First Degree Murder, Second Degree Murder, or Manslaughter?

If you are facing criminal charges, it can be the most difficult time of your life. This can also be emotionally taxing if the criminal charges involve the death of another person. However, there is a distinct difference between murder and manslaughter, and if you are facing such charges, it is important that you understand such differences. With this in mind, read on and consider these points so that you understand a bit about each and how they can determine the way the rest of the process plays out.

What is the main difference between murder and manslaughter?

When someone is charged with homicide, they are indicted or arraigned before the court on either murder or manslaughter charges. Manslaughter charges are considered in cases when the defendant is accused of being responsible for someone’s death but did not pre-meditate the actions which caused the death. Manslaughter largely involves accidental death. This can happen a lot of different ways, such as hitting someone with a car, allowing someone to die due to one’s own recklessness or failing to ensure their safety. Second- degree murder involves intent to harm, attack or even kill but is usually a reaction to intense anger or fear in an unforeseen situation. First-degree murder on the other hand is planned and premeditated.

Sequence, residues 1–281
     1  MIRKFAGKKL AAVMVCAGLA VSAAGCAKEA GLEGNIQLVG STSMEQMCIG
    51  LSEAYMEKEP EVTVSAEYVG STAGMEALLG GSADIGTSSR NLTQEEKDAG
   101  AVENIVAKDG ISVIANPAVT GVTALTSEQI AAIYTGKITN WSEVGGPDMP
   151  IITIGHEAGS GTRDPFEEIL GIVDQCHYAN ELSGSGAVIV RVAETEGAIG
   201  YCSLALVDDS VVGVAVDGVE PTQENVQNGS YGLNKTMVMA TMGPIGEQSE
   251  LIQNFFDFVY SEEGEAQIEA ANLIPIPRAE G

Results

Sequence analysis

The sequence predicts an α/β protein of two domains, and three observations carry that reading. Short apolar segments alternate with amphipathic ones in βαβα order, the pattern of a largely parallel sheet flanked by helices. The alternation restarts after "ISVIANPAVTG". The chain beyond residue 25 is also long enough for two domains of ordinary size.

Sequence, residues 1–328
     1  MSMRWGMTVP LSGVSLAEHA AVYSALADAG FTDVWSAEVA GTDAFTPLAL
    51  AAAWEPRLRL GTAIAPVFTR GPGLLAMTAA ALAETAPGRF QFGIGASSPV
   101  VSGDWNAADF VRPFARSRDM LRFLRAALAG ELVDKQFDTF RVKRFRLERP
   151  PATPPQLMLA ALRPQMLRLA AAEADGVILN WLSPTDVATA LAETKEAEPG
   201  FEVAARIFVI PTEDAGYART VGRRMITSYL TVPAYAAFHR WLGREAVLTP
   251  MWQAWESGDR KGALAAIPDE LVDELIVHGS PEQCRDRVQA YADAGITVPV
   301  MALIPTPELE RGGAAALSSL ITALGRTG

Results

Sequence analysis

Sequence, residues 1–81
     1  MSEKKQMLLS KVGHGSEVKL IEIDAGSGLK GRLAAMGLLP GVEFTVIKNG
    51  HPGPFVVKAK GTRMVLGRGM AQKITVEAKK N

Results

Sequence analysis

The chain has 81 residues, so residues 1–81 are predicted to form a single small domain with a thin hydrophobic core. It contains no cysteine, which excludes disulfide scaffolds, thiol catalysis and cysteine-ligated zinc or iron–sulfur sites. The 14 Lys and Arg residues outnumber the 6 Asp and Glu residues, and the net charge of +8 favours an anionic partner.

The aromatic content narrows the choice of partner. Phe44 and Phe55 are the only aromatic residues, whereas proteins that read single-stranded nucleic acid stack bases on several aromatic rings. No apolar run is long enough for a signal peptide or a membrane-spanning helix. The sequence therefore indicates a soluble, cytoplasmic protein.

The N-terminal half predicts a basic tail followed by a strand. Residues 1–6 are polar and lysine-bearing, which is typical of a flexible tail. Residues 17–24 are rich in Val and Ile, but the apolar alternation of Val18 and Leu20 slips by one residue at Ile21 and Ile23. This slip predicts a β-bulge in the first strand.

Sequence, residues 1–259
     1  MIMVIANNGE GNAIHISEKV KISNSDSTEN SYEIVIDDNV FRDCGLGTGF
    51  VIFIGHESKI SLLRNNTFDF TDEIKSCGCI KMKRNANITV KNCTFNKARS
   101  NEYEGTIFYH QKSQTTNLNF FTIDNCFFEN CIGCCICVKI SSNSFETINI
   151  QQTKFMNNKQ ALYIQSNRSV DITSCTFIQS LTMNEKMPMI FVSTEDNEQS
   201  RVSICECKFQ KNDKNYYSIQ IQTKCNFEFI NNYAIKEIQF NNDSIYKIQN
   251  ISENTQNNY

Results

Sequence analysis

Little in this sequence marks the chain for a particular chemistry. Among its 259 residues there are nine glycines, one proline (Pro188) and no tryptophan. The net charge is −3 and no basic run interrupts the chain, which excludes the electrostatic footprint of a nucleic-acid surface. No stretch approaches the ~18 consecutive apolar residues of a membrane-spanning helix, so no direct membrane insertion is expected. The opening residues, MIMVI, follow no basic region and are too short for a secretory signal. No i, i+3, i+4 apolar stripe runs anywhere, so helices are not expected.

First Degree Murder, Second Degree Murder, or Manslaughter?

In most situations, manslaughter can either be voluntary or involuntary. Voluntary manslaughter involves a situation by which you did not have premeditated intent to kill a person, while involuntary manslaughter involves a situation by which the killing was an accident. Visit to know more about your criminal rights.

These circumstances are punished completely differently. For example, murder is almost always punished with up to life imprisonment or capital punishment, depending on the severity of the crime and the state in which a person is sentenced. In most situations, manslaughter cases are punished with a lot more leniency.

In both situations, it is often up to the jury to decide the punishment of the crime and the severity of the situation. They will look into the terms of each case to determine whether or not the defendant is responsible for the death and what sort of sentence is fitting. In most situations, the judge will pass down sentencing guidelines that the jury can follow. They would then convene and look over all of the terms of the sentencing guidelines to see which factors come into play when considering the punishment that the defendant receives.